Maitake, or hen of the woods, mushrooms grow at the base of oak trees and are prized for their wide range of culinary uses. In the wild, maitake grow quite large -- up to three feet in diameter -- but those found in grocery stores are usually smaller. Their flavor is comparable to roasted chicken with a nutty undertone, and their texture represents a balance between the meatiness of portabello or shiitake and the feathery delicacy of oyster mushrooms.
Cleaning and Preparation
Look for mushrooms that are light gray or brown in color. The fronds should appear plump and firm, not withered or dry. Avoid maitake with signs of mold, blemishes or a slimy film.
Gently rinse maitakes in cold water and pat dry. Rather than chopping them, which would destroy their characteristic frond-like appearance, tear the mushrooms apart.
Maitake mushrooms are delicious raw, added to salads or dipped in soy sauce, but versatile enough to take on a variety of cooking methods.
Saute maitakes with diced onions and minced garlic in a mixture of butter and olive oil until soft. Serve this compote over steak or stir it into risotto.
Saute maitake mushrooms until soft, then add chicken broth and white or red wine vinegar. Simmer until the broth is reduced by half, then swirl in butter and herbs. Serve the sauce over chicken or fish.
Mushrooms add a depth of flavor and texture to soup broth. Start by sautéing the maitakes to bring out the complexities of their flavor, then simmer them in chicken, vegetable or beef broth. Add noodles, vegetables, tofu or other protein to round out the soup.
Dip maitakes in a tempura batter then deep-fry them. Season with sea salt and serve as an appetizer or snack. For a heartier meal, use a beer batter instead of tempura and serve the mushrooms as a side dish.
Mushrooms may not be the first vegetable you think of grilling, but grilled maitakes are simple and flavorful cooked over low flame. Drizzle them generously with olive oil, season with salt and pepper, and cook themover indirect or low heat until they are crispy on the outside and tender on the inside. Serve with salsa verde or spicy mayonnaise.
Maitake mushrooms are at their best when they are fresh, but they can be stored for varying periods of time.
- Store fresh mushrooms in a paper bag in the refrigerator for up to a week. Avoid plastic, which does not allow the mushrooms to breathe.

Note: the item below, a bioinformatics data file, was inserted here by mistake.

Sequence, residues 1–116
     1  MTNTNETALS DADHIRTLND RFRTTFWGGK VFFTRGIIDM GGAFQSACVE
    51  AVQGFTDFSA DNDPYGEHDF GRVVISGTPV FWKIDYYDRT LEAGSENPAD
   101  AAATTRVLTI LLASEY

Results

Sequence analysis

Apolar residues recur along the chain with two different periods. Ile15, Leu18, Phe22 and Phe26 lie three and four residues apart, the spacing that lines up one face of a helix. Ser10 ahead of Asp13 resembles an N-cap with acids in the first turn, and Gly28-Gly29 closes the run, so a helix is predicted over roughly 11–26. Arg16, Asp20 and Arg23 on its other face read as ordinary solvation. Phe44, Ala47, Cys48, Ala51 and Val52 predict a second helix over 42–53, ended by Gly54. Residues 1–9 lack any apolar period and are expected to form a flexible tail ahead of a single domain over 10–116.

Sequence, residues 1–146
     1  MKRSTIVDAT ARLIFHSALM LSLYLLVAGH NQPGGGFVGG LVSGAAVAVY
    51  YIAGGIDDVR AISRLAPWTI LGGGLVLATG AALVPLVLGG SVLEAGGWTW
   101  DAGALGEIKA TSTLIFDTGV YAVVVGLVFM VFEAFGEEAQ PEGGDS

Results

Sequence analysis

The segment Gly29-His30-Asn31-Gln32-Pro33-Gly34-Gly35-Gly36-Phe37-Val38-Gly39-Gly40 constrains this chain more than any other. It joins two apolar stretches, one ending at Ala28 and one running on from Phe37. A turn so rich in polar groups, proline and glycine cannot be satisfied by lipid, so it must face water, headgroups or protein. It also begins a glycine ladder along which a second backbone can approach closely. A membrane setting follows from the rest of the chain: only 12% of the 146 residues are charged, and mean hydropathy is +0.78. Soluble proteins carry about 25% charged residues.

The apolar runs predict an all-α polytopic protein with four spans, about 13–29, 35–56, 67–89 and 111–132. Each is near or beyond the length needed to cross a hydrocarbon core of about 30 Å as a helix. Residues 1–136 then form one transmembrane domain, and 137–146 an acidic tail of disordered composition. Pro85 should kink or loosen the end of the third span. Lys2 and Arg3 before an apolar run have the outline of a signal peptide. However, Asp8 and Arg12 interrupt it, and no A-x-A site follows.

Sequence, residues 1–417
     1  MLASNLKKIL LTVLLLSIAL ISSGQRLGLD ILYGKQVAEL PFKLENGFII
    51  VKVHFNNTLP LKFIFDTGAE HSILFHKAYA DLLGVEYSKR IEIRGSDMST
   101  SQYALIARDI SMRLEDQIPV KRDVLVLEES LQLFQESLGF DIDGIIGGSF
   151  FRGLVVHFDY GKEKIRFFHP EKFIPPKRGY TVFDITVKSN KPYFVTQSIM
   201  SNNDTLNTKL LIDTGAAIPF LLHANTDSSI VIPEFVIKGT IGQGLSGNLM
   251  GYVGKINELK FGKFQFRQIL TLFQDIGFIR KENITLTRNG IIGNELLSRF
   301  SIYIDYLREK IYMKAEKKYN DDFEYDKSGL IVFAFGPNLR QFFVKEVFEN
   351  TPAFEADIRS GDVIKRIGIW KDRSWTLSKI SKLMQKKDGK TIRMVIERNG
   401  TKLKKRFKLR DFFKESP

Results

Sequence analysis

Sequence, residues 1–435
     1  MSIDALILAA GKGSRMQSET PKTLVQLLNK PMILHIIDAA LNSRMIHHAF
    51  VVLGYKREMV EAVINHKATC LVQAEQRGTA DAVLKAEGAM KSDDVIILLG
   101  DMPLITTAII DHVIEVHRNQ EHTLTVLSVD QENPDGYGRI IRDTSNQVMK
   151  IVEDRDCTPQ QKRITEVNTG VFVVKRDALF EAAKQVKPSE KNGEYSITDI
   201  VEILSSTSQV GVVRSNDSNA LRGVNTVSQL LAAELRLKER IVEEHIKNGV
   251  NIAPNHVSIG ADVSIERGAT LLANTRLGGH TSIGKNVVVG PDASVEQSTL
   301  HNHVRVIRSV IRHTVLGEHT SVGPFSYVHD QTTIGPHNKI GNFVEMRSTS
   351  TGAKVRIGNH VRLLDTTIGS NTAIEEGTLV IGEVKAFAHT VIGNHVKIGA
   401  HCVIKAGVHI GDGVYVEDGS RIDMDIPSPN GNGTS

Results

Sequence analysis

- Sautéed maitakes can be frozen for up to a month. Let the mushrooms cool, then transfer them to a freezer bag. Squeeze out as much air as possible and lay it flat to freeze.
- Dried maitakes will keep for several years in an airtight container in a cool dark place. Slice or tear thin pieces of maitake, and lay the pieces on a baking sheet. Dry the mushrooms in the oven set to 150 degrees Fahrenheit for 2 to 4 hours, turning and blotting up moisture after every hour, until they are completely dry.
How to Broil a Portobello Mushroom
How to Cook Mushrooms as Hamburger Buns
How to Cook Dry Chanterelles
Can I Cook With Mushrooms That Have ...
How to Cook Chanterelle Mushrooms
How to Cook Breaded Mushrooms in the ...
How to Cook Large Brown Mushrooms
What Seasonings Taste Good on Mushrooms?
How to Dehydrate Morel Mushrooms
Homemade Cream of Mushroom Soup Recipe
Good Eggplant Vs. Bad Eggplant
How to Tell When Fresh Mushrooms Go Bad
How to Eliminate Bitterness in Broccoli
How to Soften Mushrooms
How to Freeze Ramps & Wild Leeks
How to Cook Raw Chickpeas or Garbanzo ...
How to Prepare Pre Cooked Shrimp
How to Cook Kobe Steaks
How to Cook Red Snapper Jamaican Style
How to Soak Porcini Mushrooms
Tricia Ballad is a writer, author and project geek. She has written several books including two novels, teaches classes on goal setting and project planning for writers, and loves to cook in her spare time. She is living proof that you can earn a living with a degree in creative writing.